Have you tried stretching it or gentle yoga? That makes an immense difference for me. I have degenerative disc disease and was in pain every day for the better part of a year until I started 30 minutes of daily yoga.
posted by something something at 1:39 PM on May 5, 2014 [1 favorite]

Generally speaking, if you over-extended it or otherwise hurt it from use, there's not a ton a doctor, PT, chiropractor can do. The doc will prescribe you pain meds to get your through while the muscles repair themselves. Massages can offer very temporary relief, but they don't actually fix anything, and the relief is pretty fleeting.

If it were me, I would make sure I was stretching properly to release my lower back muscles as much as possible. I would try these gentle stretches:

-Lie on your back and hug your knees into your chest. Try to gently reach your tail bone toward the ground but not aggressively so. You should feel a sense of relief in your lower spine.

-Baby and child pose. Starting kneeling and lower your body to the ground in a ball, with your forehead resting on the ground. Try placing your arms next to you legs, hands up, and then out in front of, hands down, reaching forward.

-Standing up, bend over while holding your opposite elbows in each hand. Pull your belly in and really let the whole top half of your body sort of fall over the front of you, letting the whole top half go.

-It might also help to do a bit of gentle twisting. Lie on your back and hug one knee into your chest. Hold that knee with the opposite hand and twist so the knee comes across the body to the floor on the other side. Reach the other arm out (same arm as leg that's rotated) out in the opposite direction. Try to let your spine do the twisting. Do the other side.

Good luck. Feel better man.
posted by Lutoslawski at 1:45 PM on May 5, 2014 [3 favorites]

I had something very similar recently and went to the doctor who tried to pawn off some Naproxin and sent me a hefty bill. The chiropractor gave me better results for less cost and no awful drugs. He did a wonderful lower back crack which almost instantly cured me.

Stretching and yoga will help to prevent disc problems and should be done regularly but when you have a debilitating pain, short of morphine, I would try a chiropractor.
posted by JJ86 at 1:45 PM on May 5, 2014

Are you sure it's your back and not kidney-related?
posted by mosk at 1:56 PM on May 5, 2014 [4 favorites]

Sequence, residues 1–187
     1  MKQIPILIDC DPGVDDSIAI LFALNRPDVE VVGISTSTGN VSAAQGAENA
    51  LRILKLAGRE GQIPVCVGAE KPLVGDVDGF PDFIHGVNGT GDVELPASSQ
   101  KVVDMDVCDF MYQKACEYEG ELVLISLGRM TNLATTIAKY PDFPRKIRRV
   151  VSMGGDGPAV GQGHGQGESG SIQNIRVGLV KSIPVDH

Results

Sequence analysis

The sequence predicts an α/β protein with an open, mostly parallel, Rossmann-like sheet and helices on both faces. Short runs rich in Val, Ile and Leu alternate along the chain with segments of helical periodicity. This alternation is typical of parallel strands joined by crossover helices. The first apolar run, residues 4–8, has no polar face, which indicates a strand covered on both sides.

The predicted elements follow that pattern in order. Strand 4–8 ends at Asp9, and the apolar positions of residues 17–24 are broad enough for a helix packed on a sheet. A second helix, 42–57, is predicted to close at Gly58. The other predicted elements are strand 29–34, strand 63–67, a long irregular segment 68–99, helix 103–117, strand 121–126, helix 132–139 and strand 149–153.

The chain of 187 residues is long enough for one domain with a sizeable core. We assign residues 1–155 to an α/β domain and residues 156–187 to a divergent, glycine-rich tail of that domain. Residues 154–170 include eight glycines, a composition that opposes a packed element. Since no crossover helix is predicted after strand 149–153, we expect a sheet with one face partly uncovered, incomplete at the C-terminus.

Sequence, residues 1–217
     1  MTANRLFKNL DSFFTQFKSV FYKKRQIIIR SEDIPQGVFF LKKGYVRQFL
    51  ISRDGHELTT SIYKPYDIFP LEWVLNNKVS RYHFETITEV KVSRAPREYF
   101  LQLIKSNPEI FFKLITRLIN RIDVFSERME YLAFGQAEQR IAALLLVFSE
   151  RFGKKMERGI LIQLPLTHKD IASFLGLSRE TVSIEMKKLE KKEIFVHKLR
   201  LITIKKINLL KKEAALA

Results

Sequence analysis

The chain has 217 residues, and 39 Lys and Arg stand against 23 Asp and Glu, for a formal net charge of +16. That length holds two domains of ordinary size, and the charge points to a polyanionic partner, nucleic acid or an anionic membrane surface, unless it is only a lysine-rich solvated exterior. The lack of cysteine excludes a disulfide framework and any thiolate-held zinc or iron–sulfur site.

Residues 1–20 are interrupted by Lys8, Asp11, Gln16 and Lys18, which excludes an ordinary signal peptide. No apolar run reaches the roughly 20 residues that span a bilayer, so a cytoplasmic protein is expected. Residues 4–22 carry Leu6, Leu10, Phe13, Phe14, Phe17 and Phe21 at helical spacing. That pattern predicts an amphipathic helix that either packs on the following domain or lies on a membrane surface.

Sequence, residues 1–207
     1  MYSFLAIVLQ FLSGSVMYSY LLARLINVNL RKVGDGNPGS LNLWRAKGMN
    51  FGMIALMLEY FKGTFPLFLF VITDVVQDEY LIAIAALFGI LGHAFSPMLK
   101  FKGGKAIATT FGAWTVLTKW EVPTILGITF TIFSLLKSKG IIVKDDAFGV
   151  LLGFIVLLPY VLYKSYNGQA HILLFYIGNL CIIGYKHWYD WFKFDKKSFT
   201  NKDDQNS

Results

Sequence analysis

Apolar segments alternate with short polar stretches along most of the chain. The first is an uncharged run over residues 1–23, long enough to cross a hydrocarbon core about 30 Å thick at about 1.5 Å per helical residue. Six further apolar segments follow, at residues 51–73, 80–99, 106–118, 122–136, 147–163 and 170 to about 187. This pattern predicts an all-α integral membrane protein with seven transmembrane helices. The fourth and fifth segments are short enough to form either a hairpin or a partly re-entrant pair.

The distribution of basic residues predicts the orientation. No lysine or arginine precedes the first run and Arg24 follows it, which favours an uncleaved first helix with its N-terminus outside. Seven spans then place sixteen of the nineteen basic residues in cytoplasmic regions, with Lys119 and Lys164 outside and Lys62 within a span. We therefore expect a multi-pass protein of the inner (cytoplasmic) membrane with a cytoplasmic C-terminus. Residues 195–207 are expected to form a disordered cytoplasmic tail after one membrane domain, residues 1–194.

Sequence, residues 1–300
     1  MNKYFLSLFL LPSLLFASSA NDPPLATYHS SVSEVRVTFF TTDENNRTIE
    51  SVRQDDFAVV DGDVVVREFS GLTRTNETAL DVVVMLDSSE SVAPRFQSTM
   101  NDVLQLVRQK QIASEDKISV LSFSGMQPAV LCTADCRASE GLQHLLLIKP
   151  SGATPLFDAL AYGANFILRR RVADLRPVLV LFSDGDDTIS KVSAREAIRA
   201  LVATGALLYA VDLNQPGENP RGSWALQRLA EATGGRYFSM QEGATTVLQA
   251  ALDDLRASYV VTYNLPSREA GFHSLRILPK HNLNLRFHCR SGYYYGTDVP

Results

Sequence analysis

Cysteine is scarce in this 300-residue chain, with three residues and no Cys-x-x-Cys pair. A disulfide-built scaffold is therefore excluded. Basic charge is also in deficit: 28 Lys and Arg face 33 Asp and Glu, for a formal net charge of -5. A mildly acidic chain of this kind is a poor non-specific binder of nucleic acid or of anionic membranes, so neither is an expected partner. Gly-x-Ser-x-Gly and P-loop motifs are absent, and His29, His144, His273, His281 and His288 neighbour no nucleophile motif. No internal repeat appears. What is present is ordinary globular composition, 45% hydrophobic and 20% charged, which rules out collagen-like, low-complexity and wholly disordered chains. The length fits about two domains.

Is the pain only on one side, or more toward your flank than back? That would indicate a kidney thing.
posted by Lutoslawski at 2:01 PM on May 5, 2014

Ice the hell out of it. Seriously ice it until it goes numb then stop and when it warms up and starts hurting some more, ice it again. It will help dramatically with inflammation and as a bonus has a nice analgesic effect.

My FIL is a chiropractor, he is of the no woo or hoo variety. Sometimes it can help sometimes it won't, if they try to convince you chiropractic adjustments can cure everything from ADHD to the common cold they are not reliable.

Things to look for in a good chiropractor. They will insist on an xray before they lay a hand on you they do not want to be adjusting something that you should be seeing a mainstream doctor for or to make something worse. They will be able to show you the xray and show you what they are going to do and why, this may mean two visits so they doc has times to study your xray. They will offer pain management advice (most likely to ice and NSAIDS), be able to give you a treatment plan with a definite end and should not try and shove a whole bunch of supplements etc onto you. After a visit or 2 when pain is reduced they should offer you an exercise plan. You will most likely need to have more than one visit, but if it's a problem they can help you should see good results before you leave.

The above suggestion of being sure it's not your kidneys is a good one.
posted by wwax at 2:04 PM on May 5, 2014 [1 favorite]

Seconding what wwax says about chiropractors in general. I've thrown out my back about 3 times now - the first time I had a chiropractor, who identified that I had some lifelong scoliosis at that precise spot in my back and it was just gonna be weak there. He gave me good tips on lifestyle changes that could prevent it in future (no high heels, stretching more, and "pay attention if something is too heavy, don't be tough and try to lift it"). The next two times I had a massage therapist take care of it and that was also fine.

But also seconding what people say about making sure it's not anything kidney-related.
posted by EmpressCallipygos at 2:19 PM on May 5, 2014